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Entertaining
The Best Drinks to Order on a Plane

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Nothing takes the edge off a six-hour flight seated in front of a child watching Paw Patrol at full volume quite like a delicious alcoholic beverage. But the problem with drinking in the sky (besides the fact that a light beer costs $7), is that the pressure and air inside the cabin wreak havoc on your senses of smell and taste. Food tastes bad and drinks taste bland. If they didn’t help you tune out that badly behaved child and put you in a better mood to watch the most recent Mark Wahlberg movie, there’d be no reason to order most cocktails at all. But some drinks can actually stand up to the issues presented by drinking in flight. Here, the cocktails you should be drinking on a plane.
                                                         

Drinks to Order Right Off the Cart

Your friendly flight attendant can provide you with everything you need to mix these at your seat.

Matthew Kelly/Supercall
There are a surprising number of studies (more than one!) that have found tomato juice or Bloody Mary mix to be one of the best things you can possibly have. The cabin pressure messes with your sense of sweet and salty, dulling them, so a savory, umami-rich drink like a Bloody is one the few that really still tastes as it is intended.

The Essentials

Vodka
Tomato Juice
Worcestershire Sauce
Matthew Kelly/Supercall
Flavor, generally speaking, needs to be kicked up a notch on an airplane. Swapping out neutral vodka for vegetal tequila can do the trick.

The Essentials

Blanco Tequila
Tomato Juice
Jalapeño
Matthew Kelly/Supercall
Straight scotch is a totally acceptable airplane drink, but if that’s more than you can handle, you can balance it out with some soda water.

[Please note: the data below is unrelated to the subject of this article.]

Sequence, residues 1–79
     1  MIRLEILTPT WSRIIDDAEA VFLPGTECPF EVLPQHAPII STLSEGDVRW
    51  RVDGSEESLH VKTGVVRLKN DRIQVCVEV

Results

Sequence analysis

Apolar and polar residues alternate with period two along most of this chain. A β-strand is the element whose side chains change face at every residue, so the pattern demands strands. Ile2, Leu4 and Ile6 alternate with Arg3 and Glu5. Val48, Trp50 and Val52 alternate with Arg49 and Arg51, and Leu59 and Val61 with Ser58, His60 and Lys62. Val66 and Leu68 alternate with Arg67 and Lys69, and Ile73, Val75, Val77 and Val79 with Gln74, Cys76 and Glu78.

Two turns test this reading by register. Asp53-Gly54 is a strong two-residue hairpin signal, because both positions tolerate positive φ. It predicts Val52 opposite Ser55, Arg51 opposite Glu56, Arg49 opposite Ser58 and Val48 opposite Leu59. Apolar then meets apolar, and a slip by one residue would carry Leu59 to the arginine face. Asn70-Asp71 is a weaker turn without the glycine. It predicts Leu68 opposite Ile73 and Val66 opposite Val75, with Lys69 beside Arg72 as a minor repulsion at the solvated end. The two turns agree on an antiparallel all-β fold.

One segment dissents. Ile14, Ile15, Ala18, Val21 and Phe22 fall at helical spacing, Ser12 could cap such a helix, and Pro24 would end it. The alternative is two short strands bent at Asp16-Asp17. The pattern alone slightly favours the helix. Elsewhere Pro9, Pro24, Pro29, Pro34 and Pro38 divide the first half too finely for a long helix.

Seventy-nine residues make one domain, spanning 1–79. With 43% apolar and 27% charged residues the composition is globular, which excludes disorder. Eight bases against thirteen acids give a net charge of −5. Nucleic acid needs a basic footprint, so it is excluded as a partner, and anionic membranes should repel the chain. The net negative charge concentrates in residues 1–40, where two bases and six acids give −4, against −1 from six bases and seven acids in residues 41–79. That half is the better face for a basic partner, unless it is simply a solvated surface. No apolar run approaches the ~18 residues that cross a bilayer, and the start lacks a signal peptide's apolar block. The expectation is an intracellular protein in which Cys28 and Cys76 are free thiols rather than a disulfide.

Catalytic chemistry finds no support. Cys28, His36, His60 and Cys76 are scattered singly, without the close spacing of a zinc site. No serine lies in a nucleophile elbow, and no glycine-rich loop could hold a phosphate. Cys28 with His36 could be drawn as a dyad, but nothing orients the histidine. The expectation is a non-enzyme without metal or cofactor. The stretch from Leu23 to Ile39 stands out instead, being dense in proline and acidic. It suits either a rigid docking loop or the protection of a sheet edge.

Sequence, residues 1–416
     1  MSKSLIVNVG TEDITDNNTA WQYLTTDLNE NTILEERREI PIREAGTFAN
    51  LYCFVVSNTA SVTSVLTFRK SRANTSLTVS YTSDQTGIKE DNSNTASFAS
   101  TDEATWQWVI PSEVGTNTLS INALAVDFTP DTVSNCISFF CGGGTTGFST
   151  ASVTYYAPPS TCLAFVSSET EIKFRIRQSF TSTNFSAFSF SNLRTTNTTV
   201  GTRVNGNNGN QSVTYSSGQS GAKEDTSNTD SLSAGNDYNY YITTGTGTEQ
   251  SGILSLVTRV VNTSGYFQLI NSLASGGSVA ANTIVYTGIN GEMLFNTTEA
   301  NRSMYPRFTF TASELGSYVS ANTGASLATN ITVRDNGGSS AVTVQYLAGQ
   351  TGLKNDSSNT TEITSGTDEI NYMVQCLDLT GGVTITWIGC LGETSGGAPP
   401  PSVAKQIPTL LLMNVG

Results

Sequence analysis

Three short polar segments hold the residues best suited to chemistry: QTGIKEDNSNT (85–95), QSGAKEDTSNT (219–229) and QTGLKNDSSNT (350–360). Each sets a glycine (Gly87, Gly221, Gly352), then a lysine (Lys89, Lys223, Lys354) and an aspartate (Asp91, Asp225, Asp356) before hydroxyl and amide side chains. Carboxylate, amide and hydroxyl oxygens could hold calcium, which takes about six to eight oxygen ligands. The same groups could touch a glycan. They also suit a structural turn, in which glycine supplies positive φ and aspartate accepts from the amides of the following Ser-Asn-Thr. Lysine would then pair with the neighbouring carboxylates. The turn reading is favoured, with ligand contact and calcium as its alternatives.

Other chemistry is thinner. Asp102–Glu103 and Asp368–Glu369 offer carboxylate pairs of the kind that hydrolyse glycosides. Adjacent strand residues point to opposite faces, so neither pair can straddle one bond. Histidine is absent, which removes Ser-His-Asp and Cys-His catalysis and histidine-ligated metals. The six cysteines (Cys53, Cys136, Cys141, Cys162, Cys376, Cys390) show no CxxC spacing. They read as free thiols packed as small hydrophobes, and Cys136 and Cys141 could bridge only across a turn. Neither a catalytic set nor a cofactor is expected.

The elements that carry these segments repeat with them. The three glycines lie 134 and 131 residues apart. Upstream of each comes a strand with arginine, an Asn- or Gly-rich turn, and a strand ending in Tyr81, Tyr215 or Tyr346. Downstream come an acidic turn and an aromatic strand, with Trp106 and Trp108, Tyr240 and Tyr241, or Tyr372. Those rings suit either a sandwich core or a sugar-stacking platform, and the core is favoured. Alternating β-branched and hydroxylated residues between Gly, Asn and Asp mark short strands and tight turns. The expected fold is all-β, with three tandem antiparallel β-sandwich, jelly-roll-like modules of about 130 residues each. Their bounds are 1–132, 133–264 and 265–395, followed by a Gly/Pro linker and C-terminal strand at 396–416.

The Essentials

Scotch
Soda Water

Drinks to Order if You Do a Little Planning

Unless you’ve rented a private jet, your airplane is not a cocktail bar. That means the flight crew probably don’t have Campari for your Negroni or vermouth for your Martini. TSA liquid rules keep you from carrying much on, but there are a couple things you can pop in your bag that will let you make drinks with the ingredients most airlines do have.

Matthew Kelly/Supercall
Bring a lime with you, squeeze it in a gin and soda, and you’ve got a Gin Rickey. Since sour tastes aren’t impacted by the pressurized cabin as much as sweet or salty, you’ll be in good shape.

The Essentials

Gin
Lime
Club Soda
Matthew Kelly
Swap that lime in your carry-on for a lemon and the soda for ginger ale, and your Rickey becomes a Buck.

The Essentials

Gin
Fresh Lemon Juice
Ginger Ale
Matthew Kelly/Supercall
On an airplane, the omnipresent Mule won’t have the spiciness of real ginger beer or the cool copper mug, and even though you’ll have to resort to airplane ginger ale, the flavors will still hold up better than most other drinks available on board. If you’re really desperate for a punchier Mule, the ginger syrup in the Carry-on Cocktail Kit will give your drink the punch you’re looking for.    

The Essentials

Vodka
Lime Juice
Ginger Beer

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